The Foundation has funded Dr. Hölscher in several ways, including work he proposed to generate a skull data base of sound absorption coefficients in 150 skulls of a wide variety of shapes and thicknesses. Shear waves and significant acoustic characteristics are much more significant at lower frequencies (those used for certain transcranial FUS). This is important in offering the possibility of expeditious treatment of stroke patients by omitting the time-consuming process of calculating the correction algorithms for each individual patient.

    The combined CT and sound field data acquired will be important to another ongoing FUSF study involving simulations to investigate the possible generation of standing waves or hot spots due to natural focusing within the skull (intracranial reflection). These studies are critical to the overall safety of FUS in the brain.

    Dr. Hölscher presented his work to a multidisciplinary audience at UVA Medical Center on January 13, 2010.  He discussed the optimal power range for sonothrombolysis, the potential role of microbubble enhancement and even the possibility of replacing tPA (tissue Plasminogen Activator, a significant cause of hemorrhagic risk as currently employed with stroke patients) with microbubbles, greatly decreasing the risks of treatment.

    Illustrating the global nature of his research interests, he finished his talk with a provocative review of the possibilities of inducing heat shock proteins, eradicating Lewy bodies in the treatment of Parkinson’s disease, and even vagal nerve stimulation using FUS to treat the gastrointestinal complications of traumatic brain injury.

    Dr. Hölscher was recently awarded NIH RO1 funding as a multi-million dollar grant to study sonothrombolysis in the treatment of stroke.

    Continue reading >

  • A Small (Funding-Wise) Focus on CER for Fibroids

    Discussions about Comparative Effectiveness Research (CER) were not commonplace conversation just over a year ago, but as the Health Care Reform initiative has progressed, it seems that nearly every single day we hear something about CER. Just last week Medical Devices Today published a piece about the amount of NIH Comparative Effectiveness Research funding dollars committed solely to medical-device-focused CER in 2009, and the number was significant at $40 Million. While some of these monies were directed to the establishment of CER centers at different universities, the majority involved short-term (2 year) studies in CER with funding totals for each project approximately $500,000. These short-term projects were funded through the American Recovery and Reinvestment Act of 2009 as part of the economic stimulus package.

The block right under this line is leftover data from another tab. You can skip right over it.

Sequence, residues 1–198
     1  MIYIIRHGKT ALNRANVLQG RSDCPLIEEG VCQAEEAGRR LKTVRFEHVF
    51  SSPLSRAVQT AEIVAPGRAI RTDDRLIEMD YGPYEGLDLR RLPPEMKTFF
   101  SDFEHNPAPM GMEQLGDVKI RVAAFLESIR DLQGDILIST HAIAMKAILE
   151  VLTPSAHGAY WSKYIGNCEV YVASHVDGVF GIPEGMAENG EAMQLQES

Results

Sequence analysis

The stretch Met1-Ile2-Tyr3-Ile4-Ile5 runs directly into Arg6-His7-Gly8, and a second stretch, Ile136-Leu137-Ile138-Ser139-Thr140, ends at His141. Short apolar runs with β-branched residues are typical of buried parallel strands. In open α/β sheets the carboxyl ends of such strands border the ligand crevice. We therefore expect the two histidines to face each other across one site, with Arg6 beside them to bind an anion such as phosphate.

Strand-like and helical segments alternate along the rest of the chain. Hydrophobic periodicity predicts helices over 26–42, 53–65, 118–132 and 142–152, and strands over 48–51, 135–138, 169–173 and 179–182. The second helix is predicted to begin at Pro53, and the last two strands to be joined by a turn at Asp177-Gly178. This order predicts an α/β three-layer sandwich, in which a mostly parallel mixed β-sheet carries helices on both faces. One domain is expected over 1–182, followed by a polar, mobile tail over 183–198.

Continue reading >

  • InSightec's ExAblate Device Approved in Japan for Fibroids

    InSightec Ltd. announced today that Japan’s Ministry of Health, Labor and Welfare (MHLW) has approved the company’s ExAblate® MR-guided Focused Ultrasound (MRgFUS) system for the treatment of women with uterine fibroids.

    “We are very pleased that the Japanese Ministry of Health has approved the ExAblate system and that women in Japan will now have access to a noninvasive treatment option for uterine fibroids,” said Dr. Kobi Vortman, President and Chief Executive Officer of InSightec. “The approval was based on a growing body of evidence showing that ExAblate is a safe, effective, and durable treatment for this widespread, life-impacting condition. ExAblate is an outpatient procedure and patients normally return home the same day and to work within one to two days compared to lengthy hospitalizations and recovery times associated with more invasive procedures such as hysterectomy, myomectomy or UAE.”

    Read the full press release here

    Continue reading >

  • ISTU Report

    The 9th Annual International Society of Therapeutic Ultrasound (ISTU) met recently in Aix en Provence, France and featured 128 speakers, dozens of technical posters, and brought together hundreds of experts in the field of focused ultrasound research. The meeting, sponsored in part by the FUS Foundation, is the premier yearly conference highlighting the engineering and technical work done to allow focused ultrasound to treat a myriad of medical conditions. Particularly exciting was the number of young and talented investigators that are leading the wave of new advances and applications. Also exciting was the large presence of equipment manufacturers showcasing their latest advancements including Philips, InSightec, Siemens, Haifu, Supersonic Imagine, and Profound Medical.